The fall of Jersey:
December 8, 2015 5:40 AM   Subscribe

How a tax haven goes bust. Guardian long-read describing the rise and fall of Jersey as an offshore tax haven.
posted by Ned G (25 comments total) 17 users marked this as a favorite
 
To paraphrase Mel Brooks: Nobody move or the finance industry gets it!
posted by srboisvert at 6:06 AM on December 8, 2015 [4 favorites]


I worked there over the summer of 1987 while in college. Very odd place. Police state in many ways, or it was then.
posted by GallonOfAlan at 6:07 AM on December 8, 2015


For clarity, we're not talking about New Jersey.

It fell a long time ago, due to the Care Bear Cleansing.
posted by leotrotsky at 6:10 AM on December 8, 2015 [1 favorite]


Police state in many ways, or it was then.

Could you elaborate on that? Do you mean a firmly entrenched Old Boy network that runs the police department?
posted by leotrotsky at 6:12 AM on December 8, 2015 [1 favorite]


If only there were some way for a government to raise funds to pay for essential services!!!
posted by mittens at 6:16 AM on December 8, 2015 [11 favorites]


A couple of years ago, a friend started asking me about international IP law. Uh, right... you do know that's hella complicated and you need specialist legal advice, and I just write about little bits of it from time to time? But they persisted.

Eventually found out they were consulting for the Jersey Government, which was considering setting up some kind of offshore IP registry and becoming the world's trading hub for same. For the life of me, I couldn't see what they were banging on about, how it would work, what good it would do for anyone or why anyone would care. Either it was too clever and subtle for this bear's brain, or it was just some wild-arse scheme dreamed up by desperate men.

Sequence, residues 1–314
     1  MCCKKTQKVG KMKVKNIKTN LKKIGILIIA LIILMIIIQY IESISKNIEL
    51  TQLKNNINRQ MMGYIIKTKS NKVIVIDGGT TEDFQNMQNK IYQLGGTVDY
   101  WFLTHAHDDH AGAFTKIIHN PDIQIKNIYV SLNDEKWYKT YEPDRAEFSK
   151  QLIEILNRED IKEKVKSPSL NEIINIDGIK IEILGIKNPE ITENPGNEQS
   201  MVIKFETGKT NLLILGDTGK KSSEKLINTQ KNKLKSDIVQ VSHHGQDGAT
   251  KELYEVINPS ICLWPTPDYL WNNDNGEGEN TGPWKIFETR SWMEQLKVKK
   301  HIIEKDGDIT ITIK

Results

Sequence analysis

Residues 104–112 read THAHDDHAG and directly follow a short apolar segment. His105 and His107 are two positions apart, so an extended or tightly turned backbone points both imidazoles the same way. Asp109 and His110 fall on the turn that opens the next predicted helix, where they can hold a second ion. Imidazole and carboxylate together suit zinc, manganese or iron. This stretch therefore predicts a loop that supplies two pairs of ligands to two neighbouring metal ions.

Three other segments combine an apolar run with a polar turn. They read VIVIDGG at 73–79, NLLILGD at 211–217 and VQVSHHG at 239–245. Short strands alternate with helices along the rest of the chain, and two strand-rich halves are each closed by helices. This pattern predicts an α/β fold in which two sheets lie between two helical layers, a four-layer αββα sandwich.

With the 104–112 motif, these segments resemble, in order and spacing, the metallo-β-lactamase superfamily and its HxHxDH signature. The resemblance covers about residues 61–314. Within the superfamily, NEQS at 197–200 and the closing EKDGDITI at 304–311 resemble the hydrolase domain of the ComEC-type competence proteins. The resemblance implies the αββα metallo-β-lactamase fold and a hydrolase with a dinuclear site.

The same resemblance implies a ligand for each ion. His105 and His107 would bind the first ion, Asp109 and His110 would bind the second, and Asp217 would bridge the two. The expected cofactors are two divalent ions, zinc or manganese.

Having read the piece, I think I know which.
posted by Devonian at 6:18 AM on December 8, 2015 [8 favorites]


If only there were some way for a government to raise funds to pay for essential services!!!

That's the problem. Capital is mobile and it's a race to the bottom. If Jersey raises taxes on the money that's parked there, it'll just move to the Isle of Man, or the Caymans, or the Cook Islands, or any number of other offshore havens.

It's the same issue in the states with the competition for trust assets. Everyone is fighting to pass more favorable legislation, so that now in some states we have perpetual trusts, an abomination against both the common law rule against perpetuities and any kind of equitable society.
posted by leotrotsky at 6:46 AM on December 8, 2015 [10 favorites]